Many people enjoy collecting jewelry for its beauty and rarity. Jewelry auctions provide a great opportunity for collectors to purchase high-quality items at a reduced rate. However, before attending a live jewelry auction or placing bids electronically on one of the many jewelry auctions hosted at iCollector, it is important to be aware of the ways in which diamonds and precious metals are rated. Being able to asses the quality of a piece for yourself will greatly improve your jewelry savvy and prevent you from overpaying for pieces at auction.
The pinnacle of all gemstones, diamonds are prized for their brilliance and durability. Diamonds are the hardest stones in existence and are often featured in a variety of jewelry types from necklaces and bracelets to engagement rings and brooches. All diamonds are different and their natural color, shape, size and clarity all have an effect on their value. The Gemological Institute of America and the American Gem Society have each developed standardized systems of rating diamonds based on clarity, color, cut and carat.
- Clarity: Refers to the existence of internal or external markings known as inclusions and blemishes. They are very common attributes of diamonds but can usually only be seen under magnification. The highest clarity rating on AGS scale is 0, which corresponds to Flawless/IF on the GIA scale.
- Color: Diamonds are naturally found in a range of colors from white to yellow. Completely colorless stones are the most rare. The AGS scale goes from 0 (colorless) to 10 (light coloration) while the GIA scale uses alphabetical denotations from D-Z, with D representing colorless.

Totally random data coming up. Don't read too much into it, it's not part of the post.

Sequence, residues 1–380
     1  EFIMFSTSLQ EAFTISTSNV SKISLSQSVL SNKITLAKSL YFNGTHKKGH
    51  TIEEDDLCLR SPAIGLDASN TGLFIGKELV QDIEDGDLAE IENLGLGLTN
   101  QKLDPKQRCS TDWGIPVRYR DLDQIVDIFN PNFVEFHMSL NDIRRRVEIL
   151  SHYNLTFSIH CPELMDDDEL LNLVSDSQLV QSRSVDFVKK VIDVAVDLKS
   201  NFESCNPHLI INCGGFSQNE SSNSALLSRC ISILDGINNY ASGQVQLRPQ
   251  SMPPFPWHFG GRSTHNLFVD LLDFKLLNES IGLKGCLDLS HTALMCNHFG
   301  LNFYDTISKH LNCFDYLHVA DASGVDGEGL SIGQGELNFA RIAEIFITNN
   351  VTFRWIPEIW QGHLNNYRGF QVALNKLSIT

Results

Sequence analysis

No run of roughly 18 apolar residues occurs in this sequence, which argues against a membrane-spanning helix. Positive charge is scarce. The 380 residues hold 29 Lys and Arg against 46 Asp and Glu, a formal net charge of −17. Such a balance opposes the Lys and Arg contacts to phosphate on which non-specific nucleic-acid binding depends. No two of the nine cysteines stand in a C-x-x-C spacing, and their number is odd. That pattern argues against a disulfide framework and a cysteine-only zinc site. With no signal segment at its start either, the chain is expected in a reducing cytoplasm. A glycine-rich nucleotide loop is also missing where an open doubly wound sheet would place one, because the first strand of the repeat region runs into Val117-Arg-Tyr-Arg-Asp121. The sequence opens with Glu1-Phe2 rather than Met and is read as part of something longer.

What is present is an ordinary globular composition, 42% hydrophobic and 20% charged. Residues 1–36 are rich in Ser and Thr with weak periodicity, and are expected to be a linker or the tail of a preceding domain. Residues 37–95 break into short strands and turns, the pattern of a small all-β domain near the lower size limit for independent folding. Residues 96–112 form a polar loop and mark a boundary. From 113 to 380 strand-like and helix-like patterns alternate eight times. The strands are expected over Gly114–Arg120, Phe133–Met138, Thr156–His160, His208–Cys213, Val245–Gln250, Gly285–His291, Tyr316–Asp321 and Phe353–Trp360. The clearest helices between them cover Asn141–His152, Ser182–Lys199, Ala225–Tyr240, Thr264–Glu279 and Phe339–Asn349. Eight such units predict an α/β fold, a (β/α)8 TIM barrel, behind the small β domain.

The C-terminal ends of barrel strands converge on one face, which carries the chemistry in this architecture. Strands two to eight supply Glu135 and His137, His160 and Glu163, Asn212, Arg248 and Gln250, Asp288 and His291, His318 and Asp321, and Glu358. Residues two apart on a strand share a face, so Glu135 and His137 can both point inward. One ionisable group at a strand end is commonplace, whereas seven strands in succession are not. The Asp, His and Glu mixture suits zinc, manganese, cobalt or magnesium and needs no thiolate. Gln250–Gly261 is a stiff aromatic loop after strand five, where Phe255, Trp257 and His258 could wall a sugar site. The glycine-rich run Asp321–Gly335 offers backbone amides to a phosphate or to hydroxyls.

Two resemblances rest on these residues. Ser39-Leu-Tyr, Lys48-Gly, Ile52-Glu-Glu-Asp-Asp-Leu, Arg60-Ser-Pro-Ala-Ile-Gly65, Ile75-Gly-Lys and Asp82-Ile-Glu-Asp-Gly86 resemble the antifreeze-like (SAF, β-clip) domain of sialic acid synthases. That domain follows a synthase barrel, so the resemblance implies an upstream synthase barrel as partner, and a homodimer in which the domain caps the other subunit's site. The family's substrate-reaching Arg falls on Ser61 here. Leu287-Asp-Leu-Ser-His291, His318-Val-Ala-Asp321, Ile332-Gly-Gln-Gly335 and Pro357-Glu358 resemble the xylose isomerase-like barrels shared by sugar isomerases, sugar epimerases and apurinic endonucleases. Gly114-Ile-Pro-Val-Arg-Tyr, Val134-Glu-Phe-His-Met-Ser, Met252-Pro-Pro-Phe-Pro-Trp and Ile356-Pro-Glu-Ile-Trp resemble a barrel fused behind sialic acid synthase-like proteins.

- Cut: The precision of how a diamond was cut will determine its final look and ultimate value. AGS rates a diamond's cut from 0 to 10 while GIA uses distinctions of Ideal, Excellent, Very Good, Good, Fair and Poor.
- Carat: While the previous three determinations involve a bit of subjective judgment, carat is a completely objective measurement. It refers to the size of a diamond and is a measure of mass. One carat is equal to 0.2 grams.
Gold, silver and platinum are the three most common precious metals that one will encounter in jewelry. Gold is a very soft metal and is therefore often mixed with sturdier materials to create long-lasting jewelry. The purity of gold is also measured in karats, with 24 karats denoting pure gold. The purity of platinum and sterling silver are measured in parts per thousand. Silver is typically 925 ppt while platinum is often in the 900 ppt range.
Be sure to put your jewelry-rating skills to the test on one of iCollector's many online jewelry auctions.